Fast forward to the Chargers in Week 8, and Mac Jones is now throwing that same dig route against man coverage with anticipation and confidence. The Patriots are running Y-Cross with Hunter Henry coming across the field. As the linebacker attaches to that route, Mac knows he has the dig behind it isolated with nobody to interfere. Just as the receiver is planting to break into the dig, Mac is starting his throwing motion and drives the ball in before the safety.
The anticipation is starting to come and that should continue to grow with time and reps through the year. However, Mac is also growing within games and with adjustments on the sideline. Back in Week 3 against the Saints, the Patriots have a fade/out to the top of the screen and a combination of Dragon and Lion to the bottom with two slants and a quick out.
Against two safeties, you read Lion which is the two-slant concept to the bottom of the screen. In this case, the linebacker flies down on the flats and the inside slant is open behind them. However, Mac reads the fade/out at the top of the screen. He is doing that based on the leverage of the linebacker to that side. It’s not necessarily a bad read, but it’s not the best read. He holds the ball and waits for his receiver to break before throwing and it ends up incomplete.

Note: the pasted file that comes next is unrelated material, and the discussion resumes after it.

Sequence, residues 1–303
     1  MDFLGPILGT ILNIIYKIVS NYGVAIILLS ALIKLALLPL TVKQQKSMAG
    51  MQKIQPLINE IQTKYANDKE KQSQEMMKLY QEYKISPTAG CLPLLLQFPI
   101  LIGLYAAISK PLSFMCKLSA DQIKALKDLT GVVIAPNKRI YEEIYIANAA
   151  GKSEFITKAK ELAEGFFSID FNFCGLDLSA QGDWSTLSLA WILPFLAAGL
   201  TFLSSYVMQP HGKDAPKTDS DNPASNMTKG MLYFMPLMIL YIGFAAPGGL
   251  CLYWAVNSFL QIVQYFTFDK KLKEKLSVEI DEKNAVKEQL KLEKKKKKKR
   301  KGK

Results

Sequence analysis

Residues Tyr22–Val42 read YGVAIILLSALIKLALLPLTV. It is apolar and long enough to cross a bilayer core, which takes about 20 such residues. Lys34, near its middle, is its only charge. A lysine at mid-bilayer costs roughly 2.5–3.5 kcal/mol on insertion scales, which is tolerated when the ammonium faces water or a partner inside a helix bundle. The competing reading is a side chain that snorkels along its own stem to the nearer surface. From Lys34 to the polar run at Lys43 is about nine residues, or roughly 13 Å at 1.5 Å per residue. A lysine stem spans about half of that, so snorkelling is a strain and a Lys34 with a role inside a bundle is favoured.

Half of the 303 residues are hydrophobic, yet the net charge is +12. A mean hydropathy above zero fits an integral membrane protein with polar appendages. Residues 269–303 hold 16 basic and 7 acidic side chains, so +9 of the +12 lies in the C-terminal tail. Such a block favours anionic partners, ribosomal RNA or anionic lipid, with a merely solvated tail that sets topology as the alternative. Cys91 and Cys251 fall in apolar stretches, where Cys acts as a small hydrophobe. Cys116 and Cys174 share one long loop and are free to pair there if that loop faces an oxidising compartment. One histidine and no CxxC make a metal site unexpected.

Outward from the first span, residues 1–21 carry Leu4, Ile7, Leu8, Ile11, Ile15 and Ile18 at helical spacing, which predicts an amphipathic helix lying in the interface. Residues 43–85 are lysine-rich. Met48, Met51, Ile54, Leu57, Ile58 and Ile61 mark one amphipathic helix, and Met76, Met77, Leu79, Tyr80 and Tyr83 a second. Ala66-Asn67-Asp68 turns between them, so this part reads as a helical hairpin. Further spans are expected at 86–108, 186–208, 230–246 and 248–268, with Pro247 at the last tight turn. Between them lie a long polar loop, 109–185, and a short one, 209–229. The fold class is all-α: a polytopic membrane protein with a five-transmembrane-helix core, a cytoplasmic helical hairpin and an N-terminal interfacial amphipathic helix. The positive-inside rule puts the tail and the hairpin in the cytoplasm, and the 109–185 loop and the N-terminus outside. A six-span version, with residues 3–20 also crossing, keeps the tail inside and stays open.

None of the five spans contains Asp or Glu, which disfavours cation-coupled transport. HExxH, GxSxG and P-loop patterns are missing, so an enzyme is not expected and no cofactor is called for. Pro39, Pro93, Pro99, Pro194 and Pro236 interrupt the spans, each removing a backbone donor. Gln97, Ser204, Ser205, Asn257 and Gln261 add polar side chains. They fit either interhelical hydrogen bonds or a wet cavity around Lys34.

Later in the very same game, New England comes back to the same concept and look two separate times. The defense reacts in exactly the same way. This time, Mac is looking to the slants and flat combination at the top of the screen. As soon as the linebacker flows, he throws behind him to the inside slant. In another rep, there is no inside linebacker and Mac is able to diagnose and throw in rhythm for an explosive gain.
Where Mac has continued to struggle a bit is the type of ball velocity he’s using on his throws. The Texans are showing two high safeties pre-snap. Mac Jones looks to the safety at the top of the screen and sees them buzz down. As a result, that opens up the middle of the field with the opposing safety is hanging to the bottom to provide deep ½ support. Jones identifies all of this, knows the seam down the middle will be open, but throws a floater instead of driving the ball before the safety can get over.
If he drives this ball as the receiver clears the linebacker and before the safety, it’s an explosive gain. Instead, he hangs the ball up and allows the safety to make a play on it. Some of that is due to just learning the speed of the NFL and some of it raises questions on arm strength and his ability to drive the ball on deeper throws.